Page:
Friday, August 21, 2015

    Recycle Runway Challenge - Part 2: Refashion - Blazer

    This post follows on from part 1

    The Blazer;
    Jacket - Before

    Jacket - After

    I've been a bit obsessed with antique military style jackets, but haven't been able to justify making one yet so this seemed like a good excuse to play with the idea.

    I cut off about 6" in length and removed the lining. Fitted it by taking in the side seams and princess seams which also narrowed the shoulders. Straightened the front of the jacket by removing the lapels and added a button band. Shaped the hem to add the points and used red felt to overlay the collar and the sleeves. Added shoulder epaulets made from the welt pockets and red piping to the hem.

    I managed to cover the old buttonholes up on the front with braid but you can see where I zig-zagged them closed on the inside.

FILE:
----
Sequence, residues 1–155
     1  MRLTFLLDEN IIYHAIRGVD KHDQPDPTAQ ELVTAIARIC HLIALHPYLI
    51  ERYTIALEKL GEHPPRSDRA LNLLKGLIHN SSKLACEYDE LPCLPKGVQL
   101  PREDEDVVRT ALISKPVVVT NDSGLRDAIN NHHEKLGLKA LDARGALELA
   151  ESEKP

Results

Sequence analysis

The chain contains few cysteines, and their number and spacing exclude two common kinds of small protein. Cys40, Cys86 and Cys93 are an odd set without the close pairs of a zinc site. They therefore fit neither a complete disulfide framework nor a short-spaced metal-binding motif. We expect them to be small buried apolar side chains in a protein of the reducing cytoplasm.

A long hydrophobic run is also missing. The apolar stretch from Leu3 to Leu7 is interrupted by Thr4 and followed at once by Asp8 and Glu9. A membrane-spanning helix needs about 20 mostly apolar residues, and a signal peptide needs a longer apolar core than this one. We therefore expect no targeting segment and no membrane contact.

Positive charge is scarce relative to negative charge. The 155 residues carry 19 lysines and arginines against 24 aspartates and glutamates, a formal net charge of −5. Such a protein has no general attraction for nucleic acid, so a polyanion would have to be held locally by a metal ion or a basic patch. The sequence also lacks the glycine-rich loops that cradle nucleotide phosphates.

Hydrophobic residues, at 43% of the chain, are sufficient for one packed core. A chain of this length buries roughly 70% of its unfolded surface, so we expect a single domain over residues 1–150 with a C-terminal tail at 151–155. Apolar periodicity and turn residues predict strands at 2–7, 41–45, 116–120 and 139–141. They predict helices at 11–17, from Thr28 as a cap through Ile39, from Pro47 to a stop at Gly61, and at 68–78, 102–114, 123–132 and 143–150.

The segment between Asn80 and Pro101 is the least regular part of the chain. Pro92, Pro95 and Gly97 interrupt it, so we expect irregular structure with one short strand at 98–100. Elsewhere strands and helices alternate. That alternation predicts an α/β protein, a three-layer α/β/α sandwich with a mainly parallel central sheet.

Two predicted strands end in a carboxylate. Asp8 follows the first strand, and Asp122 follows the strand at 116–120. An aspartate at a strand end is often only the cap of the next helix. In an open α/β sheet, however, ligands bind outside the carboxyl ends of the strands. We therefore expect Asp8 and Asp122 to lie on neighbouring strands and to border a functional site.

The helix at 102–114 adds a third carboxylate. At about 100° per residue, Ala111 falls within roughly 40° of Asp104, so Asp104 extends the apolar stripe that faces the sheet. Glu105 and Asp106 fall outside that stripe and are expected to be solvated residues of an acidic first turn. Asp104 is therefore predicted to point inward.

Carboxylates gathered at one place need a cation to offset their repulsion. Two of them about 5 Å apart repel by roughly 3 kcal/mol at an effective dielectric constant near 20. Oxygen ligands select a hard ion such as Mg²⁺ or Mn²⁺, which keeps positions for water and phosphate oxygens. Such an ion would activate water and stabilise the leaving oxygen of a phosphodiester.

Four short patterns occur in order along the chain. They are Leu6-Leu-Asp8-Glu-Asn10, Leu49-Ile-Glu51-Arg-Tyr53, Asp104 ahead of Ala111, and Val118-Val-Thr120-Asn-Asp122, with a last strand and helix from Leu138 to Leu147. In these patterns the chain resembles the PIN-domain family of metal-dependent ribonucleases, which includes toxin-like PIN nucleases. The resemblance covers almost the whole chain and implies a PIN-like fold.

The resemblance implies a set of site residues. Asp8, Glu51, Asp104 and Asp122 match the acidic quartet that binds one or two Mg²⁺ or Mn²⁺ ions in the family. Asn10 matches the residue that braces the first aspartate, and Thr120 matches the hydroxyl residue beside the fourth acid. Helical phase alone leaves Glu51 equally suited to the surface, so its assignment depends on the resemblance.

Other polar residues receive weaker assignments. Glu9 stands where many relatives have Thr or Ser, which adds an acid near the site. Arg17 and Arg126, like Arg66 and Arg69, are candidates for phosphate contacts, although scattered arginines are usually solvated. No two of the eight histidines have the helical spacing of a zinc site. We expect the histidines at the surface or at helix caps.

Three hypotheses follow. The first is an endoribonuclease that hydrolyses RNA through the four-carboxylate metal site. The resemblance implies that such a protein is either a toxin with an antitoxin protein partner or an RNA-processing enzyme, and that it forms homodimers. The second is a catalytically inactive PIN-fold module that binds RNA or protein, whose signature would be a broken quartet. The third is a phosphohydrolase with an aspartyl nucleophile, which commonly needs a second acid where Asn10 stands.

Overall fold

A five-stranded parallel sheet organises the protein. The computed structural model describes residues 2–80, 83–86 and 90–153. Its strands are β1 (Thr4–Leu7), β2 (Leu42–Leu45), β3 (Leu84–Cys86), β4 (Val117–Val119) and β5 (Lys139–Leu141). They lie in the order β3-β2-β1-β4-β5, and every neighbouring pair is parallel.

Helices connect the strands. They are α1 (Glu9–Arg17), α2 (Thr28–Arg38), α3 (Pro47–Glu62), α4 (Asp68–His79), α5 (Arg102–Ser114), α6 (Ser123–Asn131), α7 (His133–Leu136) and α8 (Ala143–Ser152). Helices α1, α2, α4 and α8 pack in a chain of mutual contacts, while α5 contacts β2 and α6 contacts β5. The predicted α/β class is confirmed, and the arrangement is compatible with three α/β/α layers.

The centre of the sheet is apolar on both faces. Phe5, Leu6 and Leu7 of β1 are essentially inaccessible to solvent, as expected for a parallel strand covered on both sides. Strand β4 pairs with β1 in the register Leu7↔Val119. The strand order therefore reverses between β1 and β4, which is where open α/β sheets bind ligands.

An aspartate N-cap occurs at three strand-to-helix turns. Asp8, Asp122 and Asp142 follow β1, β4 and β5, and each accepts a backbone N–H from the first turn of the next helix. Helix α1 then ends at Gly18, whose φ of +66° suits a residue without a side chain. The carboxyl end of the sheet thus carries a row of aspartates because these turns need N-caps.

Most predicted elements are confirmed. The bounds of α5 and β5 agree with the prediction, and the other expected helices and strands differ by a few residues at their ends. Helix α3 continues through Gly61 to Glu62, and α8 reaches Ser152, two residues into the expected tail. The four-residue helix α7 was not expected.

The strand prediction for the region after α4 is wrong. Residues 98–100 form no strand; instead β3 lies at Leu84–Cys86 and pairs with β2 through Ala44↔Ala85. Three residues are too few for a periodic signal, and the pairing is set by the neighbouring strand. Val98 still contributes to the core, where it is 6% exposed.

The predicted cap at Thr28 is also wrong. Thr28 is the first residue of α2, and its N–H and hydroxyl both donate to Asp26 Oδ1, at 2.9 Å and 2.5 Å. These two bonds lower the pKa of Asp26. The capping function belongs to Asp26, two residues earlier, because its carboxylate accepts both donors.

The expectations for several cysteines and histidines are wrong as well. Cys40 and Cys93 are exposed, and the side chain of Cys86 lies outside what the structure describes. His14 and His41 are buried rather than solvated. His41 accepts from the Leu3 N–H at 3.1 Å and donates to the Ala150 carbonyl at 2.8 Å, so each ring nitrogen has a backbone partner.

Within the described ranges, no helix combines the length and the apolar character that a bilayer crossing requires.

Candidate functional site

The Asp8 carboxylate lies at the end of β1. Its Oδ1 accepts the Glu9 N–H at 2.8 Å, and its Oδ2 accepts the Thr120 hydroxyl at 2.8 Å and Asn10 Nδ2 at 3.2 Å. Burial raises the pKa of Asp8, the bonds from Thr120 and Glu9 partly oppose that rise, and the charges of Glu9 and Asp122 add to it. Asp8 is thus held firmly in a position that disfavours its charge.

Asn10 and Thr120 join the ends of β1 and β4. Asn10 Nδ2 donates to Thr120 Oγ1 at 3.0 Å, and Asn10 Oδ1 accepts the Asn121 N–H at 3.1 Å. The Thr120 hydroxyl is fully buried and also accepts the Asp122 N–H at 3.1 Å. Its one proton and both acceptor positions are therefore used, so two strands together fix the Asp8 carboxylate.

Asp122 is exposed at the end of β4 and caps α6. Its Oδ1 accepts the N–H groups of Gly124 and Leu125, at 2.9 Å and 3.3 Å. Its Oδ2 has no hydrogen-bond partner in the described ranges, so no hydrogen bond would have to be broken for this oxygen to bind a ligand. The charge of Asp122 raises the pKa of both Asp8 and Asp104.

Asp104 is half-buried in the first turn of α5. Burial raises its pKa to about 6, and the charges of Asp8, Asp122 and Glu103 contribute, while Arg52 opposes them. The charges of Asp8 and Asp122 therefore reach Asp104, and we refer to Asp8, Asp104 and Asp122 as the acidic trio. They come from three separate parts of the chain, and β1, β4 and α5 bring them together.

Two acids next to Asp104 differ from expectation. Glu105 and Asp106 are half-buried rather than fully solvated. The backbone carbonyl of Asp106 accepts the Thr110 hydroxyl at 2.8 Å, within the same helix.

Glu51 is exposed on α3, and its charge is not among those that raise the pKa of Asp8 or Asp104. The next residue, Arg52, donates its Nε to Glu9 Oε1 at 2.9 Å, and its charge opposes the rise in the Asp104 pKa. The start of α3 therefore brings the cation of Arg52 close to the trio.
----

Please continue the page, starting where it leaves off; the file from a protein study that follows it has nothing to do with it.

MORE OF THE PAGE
I used a hem facing - seemed the easiest way to finish off the shaped hem and then I handstitched down the lining.

    The chinese knots are made from braid which was fused then hand stitched to the front of the jacket. The buttons were from my stash.

    I was really impressed with the shoulders and sleeve cap supports inside the jacket - I've been annoyed at how mine have been collapsing and after looking at this I have been way undersupporting the sleeve cap. This had a layer of horsehair (or hessian?) and then another layer of a thick wool felt that was doubled over and stitched to the shoulder pad.

    The front button band was too thick to try and sew buttonholes so I use press studs. Mine have always looked crappy but this time I followed this video of Susan Khaljie's, I used 2 strands of upholstery thread which had been waxed and they turned out pretty damn good if I do say so myself!

    The only thing I wish I'd done differently is make this to fit me, not the daughter!